Self-confidence is a good thing. Too many people give up, or don’t even try, because they think they can’t possibly do this or that – and they end up never doing much at all. Believe you can do it and you can do it – that’s what everyone says. That’s utter nonsense. You’re never going to be a movie star. The kid shooting hoops in the alley isn’t going end up a millionaire NBA hero. But you’ll never know unless you try. Those with self-confidence give it a go, and all human progress depends on such folks – or on dumb luck.
Self-delusion, on the other hand, is not a good thing. Those who think they can do anything, because they are inherently wonderful, even if others don’t see that, can expect massive disappointment when they just can’t pull off what they had always dreamed of. Perhaps they aren’t inherently wonderful. They can then adjust their level of self-confidence to the reality of things, or they can double-down. They can insist they’re wonderful anyway. They may end up institutionalized.
They may also run for president. Donald Trump has stopped fooling around and finally pulled the trigger after all these years – he’s actually running this time:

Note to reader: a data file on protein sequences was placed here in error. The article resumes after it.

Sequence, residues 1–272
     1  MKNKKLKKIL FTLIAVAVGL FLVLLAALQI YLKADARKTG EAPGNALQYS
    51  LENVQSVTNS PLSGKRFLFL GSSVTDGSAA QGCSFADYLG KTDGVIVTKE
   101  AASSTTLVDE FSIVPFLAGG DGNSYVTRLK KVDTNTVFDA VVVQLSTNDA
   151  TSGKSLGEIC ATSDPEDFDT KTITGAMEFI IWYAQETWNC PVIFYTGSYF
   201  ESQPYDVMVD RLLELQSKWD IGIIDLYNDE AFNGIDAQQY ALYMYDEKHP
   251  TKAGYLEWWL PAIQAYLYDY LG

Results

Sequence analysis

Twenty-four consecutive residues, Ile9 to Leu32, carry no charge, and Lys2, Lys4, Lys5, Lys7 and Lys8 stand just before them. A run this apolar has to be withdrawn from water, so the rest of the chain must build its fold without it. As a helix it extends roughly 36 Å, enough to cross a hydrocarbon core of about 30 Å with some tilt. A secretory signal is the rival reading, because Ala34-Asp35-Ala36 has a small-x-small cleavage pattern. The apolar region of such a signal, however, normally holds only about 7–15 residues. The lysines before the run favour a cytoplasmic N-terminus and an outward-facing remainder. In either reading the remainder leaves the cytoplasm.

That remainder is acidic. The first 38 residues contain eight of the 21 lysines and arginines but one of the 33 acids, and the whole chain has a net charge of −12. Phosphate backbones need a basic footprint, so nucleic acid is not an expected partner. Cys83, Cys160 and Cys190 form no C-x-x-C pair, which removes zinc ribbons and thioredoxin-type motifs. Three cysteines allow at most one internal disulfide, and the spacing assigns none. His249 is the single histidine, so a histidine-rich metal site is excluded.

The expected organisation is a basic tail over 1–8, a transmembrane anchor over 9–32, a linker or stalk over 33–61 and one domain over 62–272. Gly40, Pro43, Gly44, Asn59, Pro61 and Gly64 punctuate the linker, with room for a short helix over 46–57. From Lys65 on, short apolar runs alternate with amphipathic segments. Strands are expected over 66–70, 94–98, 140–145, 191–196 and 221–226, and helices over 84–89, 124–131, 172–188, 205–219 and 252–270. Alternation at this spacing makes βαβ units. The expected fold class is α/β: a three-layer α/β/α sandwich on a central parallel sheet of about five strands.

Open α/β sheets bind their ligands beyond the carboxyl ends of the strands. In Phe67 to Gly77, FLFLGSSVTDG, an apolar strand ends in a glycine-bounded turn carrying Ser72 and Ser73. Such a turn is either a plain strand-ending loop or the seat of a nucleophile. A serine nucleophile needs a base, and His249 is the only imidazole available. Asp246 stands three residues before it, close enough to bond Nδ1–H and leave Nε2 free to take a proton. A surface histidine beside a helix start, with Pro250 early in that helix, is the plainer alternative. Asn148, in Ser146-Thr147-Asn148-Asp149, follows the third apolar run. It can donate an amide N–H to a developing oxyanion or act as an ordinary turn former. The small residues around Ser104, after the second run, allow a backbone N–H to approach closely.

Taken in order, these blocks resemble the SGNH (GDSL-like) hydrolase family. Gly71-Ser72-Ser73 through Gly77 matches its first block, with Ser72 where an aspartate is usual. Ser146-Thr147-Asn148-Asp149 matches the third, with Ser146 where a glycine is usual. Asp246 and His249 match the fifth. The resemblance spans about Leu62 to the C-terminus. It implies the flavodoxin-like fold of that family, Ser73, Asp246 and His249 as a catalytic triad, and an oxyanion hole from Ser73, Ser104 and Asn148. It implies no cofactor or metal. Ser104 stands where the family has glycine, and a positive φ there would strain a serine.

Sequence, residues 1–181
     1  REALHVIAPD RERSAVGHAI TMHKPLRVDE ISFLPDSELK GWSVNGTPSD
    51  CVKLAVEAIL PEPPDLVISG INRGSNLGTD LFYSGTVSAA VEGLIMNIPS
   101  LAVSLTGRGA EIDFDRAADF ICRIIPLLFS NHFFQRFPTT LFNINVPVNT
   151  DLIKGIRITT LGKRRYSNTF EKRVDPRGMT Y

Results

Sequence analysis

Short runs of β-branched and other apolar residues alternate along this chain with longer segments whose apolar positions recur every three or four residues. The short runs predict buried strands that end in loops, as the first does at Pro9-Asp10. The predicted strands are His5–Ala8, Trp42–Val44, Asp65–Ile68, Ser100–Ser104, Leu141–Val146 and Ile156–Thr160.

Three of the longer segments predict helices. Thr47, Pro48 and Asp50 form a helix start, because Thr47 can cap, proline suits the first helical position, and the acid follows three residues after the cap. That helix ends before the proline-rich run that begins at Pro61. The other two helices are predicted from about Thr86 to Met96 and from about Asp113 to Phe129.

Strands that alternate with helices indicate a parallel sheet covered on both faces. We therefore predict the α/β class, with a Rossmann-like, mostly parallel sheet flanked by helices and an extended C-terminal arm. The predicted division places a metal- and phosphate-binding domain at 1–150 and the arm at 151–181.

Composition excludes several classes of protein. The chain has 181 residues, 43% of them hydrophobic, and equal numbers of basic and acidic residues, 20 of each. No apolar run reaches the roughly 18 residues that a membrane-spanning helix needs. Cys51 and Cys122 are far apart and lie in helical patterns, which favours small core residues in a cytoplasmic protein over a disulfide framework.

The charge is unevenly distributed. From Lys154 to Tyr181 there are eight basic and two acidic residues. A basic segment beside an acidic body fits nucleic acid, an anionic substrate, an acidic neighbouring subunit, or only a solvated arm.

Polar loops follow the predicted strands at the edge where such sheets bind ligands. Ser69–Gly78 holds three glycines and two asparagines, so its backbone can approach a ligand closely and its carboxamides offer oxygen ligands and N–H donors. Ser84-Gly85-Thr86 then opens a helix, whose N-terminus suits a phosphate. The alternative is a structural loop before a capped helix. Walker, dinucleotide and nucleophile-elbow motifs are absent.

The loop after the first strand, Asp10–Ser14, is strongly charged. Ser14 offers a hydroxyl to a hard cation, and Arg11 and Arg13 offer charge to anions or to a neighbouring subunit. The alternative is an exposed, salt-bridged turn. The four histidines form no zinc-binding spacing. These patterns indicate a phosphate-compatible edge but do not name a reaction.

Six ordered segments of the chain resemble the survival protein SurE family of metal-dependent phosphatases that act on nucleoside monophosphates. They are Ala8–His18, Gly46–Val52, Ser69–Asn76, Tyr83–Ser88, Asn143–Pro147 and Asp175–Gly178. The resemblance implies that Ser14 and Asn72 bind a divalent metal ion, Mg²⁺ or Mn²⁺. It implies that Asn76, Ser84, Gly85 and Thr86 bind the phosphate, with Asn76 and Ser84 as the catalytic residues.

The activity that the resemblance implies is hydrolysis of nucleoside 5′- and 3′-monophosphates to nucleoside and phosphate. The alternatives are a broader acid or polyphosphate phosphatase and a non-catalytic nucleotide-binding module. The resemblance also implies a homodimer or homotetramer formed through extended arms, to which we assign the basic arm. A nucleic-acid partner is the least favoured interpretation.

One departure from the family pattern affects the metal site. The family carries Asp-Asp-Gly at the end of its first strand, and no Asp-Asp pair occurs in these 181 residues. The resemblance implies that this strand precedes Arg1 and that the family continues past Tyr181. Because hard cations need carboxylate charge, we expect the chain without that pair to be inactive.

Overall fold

The real estate mogul and TV reality star launched his presidential campaign Tuesday, ending more than two decades of persistent flirtation with the idea of running for the Oval Office.
“So, ladies and gentlemen, I am officially running for president of the United States, and we are going to make our country great again,” Trump told the crowd in a lengthy and meandering 45-minute speech that hit on his signature issues like currency manipulation from China and job creation, while also taking shots at the president and his competitors on the Republican side.
“Sadly the American dream is dead,” Trump said at the end of his speech. “But if I get elected president I will bring it back bigger and better and stronger than ever before.”
But there’s the pesky context:
Just over four years after he came closer than ever to launching a campaign before bowing out, Trump made his announcement at the lavish Trump Tower on Fifth Avenue in New York, laying out a vision to match his incoming campaign slogan, “Make America Great Again.”
The 68-story tower venue Trump used Tuesday was more than just the backdrop to Trump’s presidential announcement, instead becoming a physical embodiment of what Trump is bringing to the table and the challenges he’ll face as he formally enters politics: it’s both a sign of his overwhelming success in business and, as the site of the famous “Apprentice” boardroom, a symbol of the reality TV label he’ll struggle to shake off.